The menu was fairly straightforward, culled right from those big Rodman Street dinners, but it’s an incredibly different experience to prep everything with a baby around.  Thursday night, I felt especially ambitious and decided it would be easy to bake challah while Aliza was awake.  Halfway through trying to knead the dough while putting her pacifier back in her mouth, I discovered how wrong I was, but at that point, there was nothing to do but press on.  Literally.  Miraculously, the challah turned out quite well, but it was a harrowing experience and made me quite nervous for Friday’s cooking.

Which also turned out fine, and forced Marc to remind me that things usually work out.  I made a green salad, two lasagnas, roasted butternut squash (which always takes longer to cook and makes a smaller amount than I expect), and the beet recipe from last week, which I’ve been advised to call “Quick Buttery Beets.”  I advocate serving them at room temperature, possibly a day after making them, since I liked them even more on Saturday than I did on Friday night.  I also made tzatziki, black bean hummus, and red pepper dip to go with the challah, and brownies (out of a box) for dessert, which we served with a super quick vanilla ice cream, courtesy of Marc.

Everyone left, we patted ourselves on the back for still managing to be gracious hosts in this new baby era, did a little clean up, and talked about the calm we were looking forward to in the coming week.

Then we woke up Saturday morning, and Marc couldn’t move his neck or get out of bed.  After the very un-Shabbos-like experience of calling the doctor, determining that it’s probably “just” a sore muscle, and going to the drugstore for a muscle relaxant, we set about changing our lunch plans.  Since it was just going to be us, Beverly, Naomi, and Sara, it was pretty easy to change location to our house.  I mean, they did bring over a thermos full of hot water for make-your-own miso soup (!), but they also provided me with yet another opportunity to remark on how lucky we are to have such great friends.  Plus they got to help eat the leftover beets!

And here’s where it really gets crazy: Aliza ate some food, too!  Just as Shabbat was ending, we thought it was the right time for her first taste of solid food, so we said a shehechianu, Naomi held her on her lap and kept her hands out of her mouth, we put her in her Scrabble letter A-L-I-Z-A bib (thank you, Suzy!), and fed her half a tablespoon of rice cereal.  The verdict: she loves the spoon.  So, you can look forward in the next seven weeks to finding out what new solids we’re serving Aliza, in addition to what the rest of us are eating.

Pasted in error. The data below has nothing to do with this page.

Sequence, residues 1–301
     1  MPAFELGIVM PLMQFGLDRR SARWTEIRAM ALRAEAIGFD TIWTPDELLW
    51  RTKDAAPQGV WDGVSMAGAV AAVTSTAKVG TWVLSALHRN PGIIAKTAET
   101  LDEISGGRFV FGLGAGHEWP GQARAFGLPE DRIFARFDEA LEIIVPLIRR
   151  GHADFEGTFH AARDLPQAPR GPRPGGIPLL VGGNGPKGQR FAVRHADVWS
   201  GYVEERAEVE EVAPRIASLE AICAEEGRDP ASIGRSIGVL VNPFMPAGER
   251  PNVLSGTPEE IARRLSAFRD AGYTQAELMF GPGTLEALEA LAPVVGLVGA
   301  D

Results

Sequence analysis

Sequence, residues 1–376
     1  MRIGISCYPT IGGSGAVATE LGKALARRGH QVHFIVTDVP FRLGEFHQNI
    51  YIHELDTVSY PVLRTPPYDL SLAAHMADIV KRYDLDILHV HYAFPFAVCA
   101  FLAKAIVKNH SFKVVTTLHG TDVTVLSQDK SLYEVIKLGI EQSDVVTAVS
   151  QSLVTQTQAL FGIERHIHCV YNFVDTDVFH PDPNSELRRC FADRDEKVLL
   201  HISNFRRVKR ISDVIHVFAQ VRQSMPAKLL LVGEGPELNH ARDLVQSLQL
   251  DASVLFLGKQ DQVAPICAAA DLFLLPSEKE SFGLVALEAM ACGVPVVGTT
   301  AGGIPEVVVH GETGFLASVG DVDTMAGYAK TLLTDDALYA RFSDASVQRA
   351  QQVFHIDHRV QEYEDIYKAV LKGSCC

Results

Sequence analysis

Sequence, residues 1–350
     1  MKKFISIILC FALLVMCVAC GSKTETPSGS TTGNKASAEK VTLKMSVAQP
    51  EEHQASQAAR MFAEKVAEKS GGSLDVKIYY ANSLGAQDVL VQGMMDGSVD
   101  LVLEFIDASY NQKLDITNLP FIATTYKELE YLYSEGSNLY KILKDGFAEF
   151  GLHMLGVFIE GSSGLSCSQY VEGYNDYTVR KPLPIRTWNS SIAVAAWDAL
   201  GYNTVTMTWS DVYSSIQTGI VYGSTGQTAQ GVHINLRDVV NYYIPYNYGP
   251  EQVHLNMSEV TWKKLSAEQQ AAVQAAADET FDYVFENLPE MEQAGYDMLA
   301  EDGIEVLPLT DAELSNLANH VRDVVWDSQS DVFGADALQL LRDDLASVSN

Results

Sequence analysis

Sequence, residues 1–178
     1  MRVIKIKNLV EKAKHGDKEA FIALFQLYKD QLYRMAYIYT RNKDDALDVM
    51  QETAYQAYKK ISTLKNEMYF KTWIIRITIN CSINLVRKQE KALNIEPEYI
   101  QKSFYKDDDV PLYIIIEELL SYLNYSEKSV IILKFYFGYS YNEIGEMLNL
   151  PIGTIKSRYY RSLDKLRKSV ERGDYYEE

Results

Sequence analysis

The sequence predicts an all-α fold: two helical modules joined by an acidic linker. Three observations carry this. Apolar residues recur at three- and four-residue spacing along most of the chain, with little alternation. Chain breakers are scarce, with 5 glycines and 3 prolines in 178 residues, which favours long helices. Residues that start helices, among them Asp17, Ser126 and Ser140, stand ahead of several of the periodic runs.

(I know I usually end with a baby picture, but there’s more below.  More!  Below!)

Which brings me to my last topic, which I know I’ve written about before, but hey, I’m writing about it again: what to do with the blog when 2011 ends.  Here are the possibilities on the table so far, but I really am interested in what you, dear reader, think about my options.

1.  Keep going as I’ve been doing, writing about my Shabbat meals each week.  Yeah, I said it would only be for 2011, but it’s fun, and people read it, so, onward.

2.  Stop at the end of the year. Because, seriously, I’m kind of busy right now.  And when a year-long project reaches the end of a year, it’s best to stick to the terms.

3.  Thanks to Joline for this idea: Allot another year to blogging, but this time, have a different person write about their Shabbat experience each week, with me “curating” the guest bloggers and still providing a creative outlet for people to think about Shabbat in new ways.

4.  Come up with some new writing project.  Possibilities include a Jewish-themed advice column, some sort of recipe challenge a la Julie and Julia, or writing about non-Shabbat goings-on in the Philadelphia young adult Jewish community.

5.  I love Aliza very much, but there are enough Mommy blogs out there, so no, it’s not going to turn into that (though maybe some of you think it already has).

I would actually really love feedback on this, and I will take your silence to mean that choice number two is your preference.  I will not be insulted.  I might even be relieved.